The 11 Biggest Lies Junk Food Companies Tell You for Profits

Junk food companies are capable of sacrificing everyone’s health for the sake of profit and they will stop at nothing to promote their products far and wide with, sometimes the most indecent marketing.

As we already said, the only thing they do care about is making money no matter what the cost. Below are the top 11 lies junk food companies tell to the general public:

1. Fat-free/low-fat

One of the many side effects of the so-called “war on fat” was the widespread purchasing of processed foods with decreased amounts of fat.

These products usually have “low-fat”, “reduced fat” or “fat-free” labels on them. The main problem is that the majority of these products aren’t healthy at all.

Foods that have been processed in a way that had the fat removed from them usually don’t taste as good as their original full-fat versions, which makes them less edible and less tasty.

That’s why food companies fill these foods with lots of sugar and other unhealthy additives.

Modern research has already shown that fat has unfairly gotten a bad rap while at the same time the dangers of added sugar have been revealed.

This means that foods that are marketed as “low-fat” are typically much worse for your health than their original version. If you see a product has the “low-fat” label or anything similar to it, it’s very likely it has added sweeteners in it.

You should keep in mind that these refined foods aren’t necessarily beneficial to your health.

2. Trans fat-free

Another label commonly found on processed food items is “trans fat-free”. This also might not always be true.

The law allows companies to put this label on their product as long as it has fewer than 0.5 grams of trans fats per serving, which means it’s not completely trans fat-free.

Always check the nutrition labels. If you find the word “hydrogenated” anywhere on it, then you can be sure the product has trans fats.

Actually, you can find hydrogenated fats in almost any product that is labeled as trans fat-free.

The solution is to avoid every product that has the word “hydrogenated” written on it. Food items labeled trans fat-free might actually have up to 0.5 grams of trans fat per serving and you won’t know anything about it.

3. Has whole grains

During the past several decades, people have been mistakenly led to believe that whole grains are in the top 5 healthiest foods they can eat.

And even though they are undoubtedly better than processed grains, there’s no solid evidence yet that eating them is healthier than eating no grains at all.

That being said, refined foods like cereals are often marketed as containing whole grains. The problem here is that whole grains sometimes aren’t necessarily “whole”.

The grains have actually been processed into very fine flour.

Even though they may have all the healthy nutrients from the grain, one very beneficial characteristic they possess, which is resistance to being digested quickly is lost. This, in turn, can cause blood sugar spikes as fast as their refined counterparts do.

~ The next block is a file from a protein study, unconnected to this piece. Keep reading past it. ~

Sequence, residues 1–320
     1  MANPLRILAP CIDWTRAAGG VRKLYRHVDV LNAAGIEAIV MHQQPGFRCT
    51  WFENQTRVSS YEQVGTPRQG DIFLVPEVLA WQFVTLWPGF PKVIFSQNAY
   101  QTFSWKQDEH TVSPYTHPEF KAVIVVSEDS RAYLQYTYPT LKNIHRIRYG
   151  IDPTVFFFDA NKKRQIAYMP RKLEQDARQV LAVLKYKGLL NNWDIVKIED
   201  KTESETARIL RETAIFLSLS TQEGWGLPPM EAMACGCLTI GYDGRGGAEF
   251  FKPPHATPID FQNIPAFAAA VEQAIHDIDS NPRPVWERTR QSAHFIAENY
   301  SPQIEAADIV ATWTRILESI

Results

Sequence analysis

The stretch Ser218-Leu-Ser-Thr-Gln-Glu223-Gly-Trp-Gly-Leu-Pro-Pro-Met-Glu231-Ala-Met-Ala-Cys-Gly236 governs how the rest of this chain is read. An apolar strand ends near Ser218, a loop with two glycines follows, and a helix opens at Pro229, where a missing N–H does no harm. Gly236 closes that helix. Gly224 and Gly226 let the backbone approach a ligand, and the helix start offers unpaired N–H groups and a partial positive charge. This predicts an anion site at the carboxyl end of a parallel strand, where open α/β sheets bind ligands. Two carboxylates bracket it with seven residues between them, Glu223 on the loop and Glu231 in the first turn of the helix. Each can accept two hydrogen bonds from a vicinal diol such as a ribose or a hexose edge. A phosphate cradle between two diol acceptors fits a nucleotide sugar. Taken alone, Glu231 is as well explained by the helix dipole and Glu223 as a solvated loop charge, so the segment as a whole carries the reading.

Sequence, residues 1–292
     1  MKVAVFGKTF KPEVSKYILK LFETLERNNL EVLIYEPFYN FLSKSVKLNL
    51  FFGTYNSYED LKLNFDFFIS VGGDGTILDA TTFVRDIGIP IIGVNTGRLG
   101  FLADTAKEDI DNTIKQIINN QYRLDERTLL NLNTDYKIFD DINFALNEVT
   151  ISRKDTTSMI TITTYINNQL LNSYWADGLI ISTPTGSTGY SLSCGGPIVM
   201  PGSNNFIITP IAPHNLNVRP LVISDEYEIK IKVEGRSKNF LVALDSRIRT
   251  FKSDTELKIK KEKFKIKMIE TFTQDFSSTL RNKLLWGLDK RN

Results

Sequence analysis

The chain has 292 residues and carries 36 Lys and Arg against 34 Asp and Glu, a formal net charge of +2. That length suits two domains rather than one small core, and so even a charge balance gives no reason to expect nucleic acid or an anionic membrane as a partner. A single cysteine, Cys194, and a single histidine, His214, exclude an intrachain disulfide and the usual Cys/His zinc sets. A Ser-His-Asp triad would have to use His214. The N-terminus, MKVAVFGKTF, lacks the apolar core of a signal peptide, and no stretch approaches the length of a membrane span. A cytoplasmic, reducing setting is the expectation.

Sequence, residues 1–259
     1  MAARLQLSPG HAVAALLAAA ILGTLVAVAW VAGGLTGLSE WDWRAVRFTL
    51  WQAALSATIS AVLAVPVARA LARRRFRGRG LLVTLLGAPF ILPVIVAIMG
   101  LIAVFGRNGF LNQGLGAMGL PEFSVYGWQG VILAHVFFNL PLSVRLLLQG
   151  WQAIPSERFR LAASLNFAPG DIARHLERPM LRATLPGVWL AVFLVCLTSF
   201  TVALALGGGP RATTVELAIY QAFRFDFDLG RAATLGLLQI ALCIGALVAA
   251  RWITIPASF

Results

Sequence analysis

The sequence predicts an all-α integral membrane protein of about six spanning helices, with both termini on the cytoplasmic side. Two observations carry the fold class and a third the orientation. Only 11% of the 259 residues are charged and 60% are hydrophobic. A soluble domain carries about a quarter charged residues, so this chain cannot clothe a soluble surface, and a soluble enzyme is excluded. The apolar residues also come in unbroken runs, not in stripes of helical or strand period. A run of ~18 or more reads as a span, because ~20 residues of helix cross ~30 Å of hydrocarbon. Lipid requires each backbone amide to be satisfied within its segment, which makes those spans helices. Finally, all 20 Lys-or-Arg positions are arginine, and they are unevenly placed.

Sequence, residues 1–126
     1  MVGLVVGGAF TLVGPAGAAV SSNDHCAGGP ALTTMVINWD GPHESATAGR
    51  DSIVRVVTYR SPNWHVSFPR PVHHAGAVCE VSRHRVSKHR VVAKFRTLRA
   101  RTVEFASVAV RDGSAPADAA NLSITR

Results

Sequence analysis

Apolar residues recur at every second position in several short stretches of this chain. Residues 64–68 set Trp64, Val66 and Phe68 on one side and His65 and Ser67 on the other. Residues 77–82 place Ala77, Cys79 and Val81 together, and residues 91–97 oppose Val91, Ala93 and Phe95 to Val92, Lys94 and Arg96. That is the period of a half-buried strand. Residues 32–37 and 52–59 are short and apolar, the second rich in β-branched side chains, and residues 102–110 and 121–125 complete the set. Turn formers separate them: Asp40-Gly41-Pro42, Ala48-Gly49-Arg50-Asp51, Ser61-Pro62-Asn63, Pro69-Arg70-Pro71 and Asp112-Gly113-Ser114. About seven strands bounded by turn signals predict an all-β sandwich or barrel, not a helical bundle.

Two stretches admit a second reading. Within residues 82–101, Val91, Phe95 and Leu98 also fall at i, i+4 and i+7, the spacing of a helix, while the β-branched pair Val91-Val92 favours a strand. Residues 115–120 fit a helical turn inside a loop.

Additionally, even if a product does have a small quantity of whole grains, it’s likely that it has lots of other harmful ingredients such as sugar or high-fructose corn syrup.

The majority of processed foods that are labeled as containing whole grains aren’t actually “whole”.

They’ve been ground into very fine flour and trigger spikes in your blood sugar levels the same way refined grains do, which may cause drastic blood sugar levels fluctuations, which translates into mood swings and feelings of lethargy and fatigue.

4. Gluten-free

Being on a gluten-free diet has become very trendy lately. It’s been estimated that approximately 1.5% of Americans are currently on a gluten-free diet or are trying to restrict their gluten intake.

A third of those haven’t actually been diagnosed with celiac disease. That’s not to say that there’s something inherently bad about a gluten-free diet.

There is solid evidence that in addition to having celiac disease, a certain proportion of people might be sensitive to wheat or gluten.

But, refined products that are labeled as “gluten-free” and made to replace the foods containing gluten are generally not that healthy, not to mention they are much more expensive.

These types of foods are usually made from highly processed, high-glycemic starches such as, potato starch, corn starch and tapioca starch and might also be filled with sugar.

Being on a gluten-free diet is supposed to be about eliminating the processed cereals and replacing them with healthy, whole foods.

Conclusion: So-called “gluten-free” foods are usually filled with unhealthy ingredients. Eliminate them altogether and eat real food.

5. Hidden sugar

It’s quite unfortunate that the majority of people simply don’t bother reading nutritional labels before buying something.

But, food companies develop cunning ways of masking the true ingredients of their food products, even for people who do.

On nutrition labels, the ingredients are listed in a descending order by amount. If you happen to see sugar in the first few rows, then it’s a safe bet that that product is filled with sugar.

Food companies have managed to bypass this, by putting different kinds of sugar in their products.

This means that a product may have sugar, evaporated cane juice and high-fructose corn syrup, which are all just different names for the same thing, and that’s sugar.

By doing this, they can put some other, healthier ingredient in the first few rows at the top. In any case, if one were, to sum up, the amounts of the aforementioned three types of sugar, sugar would come up at the top.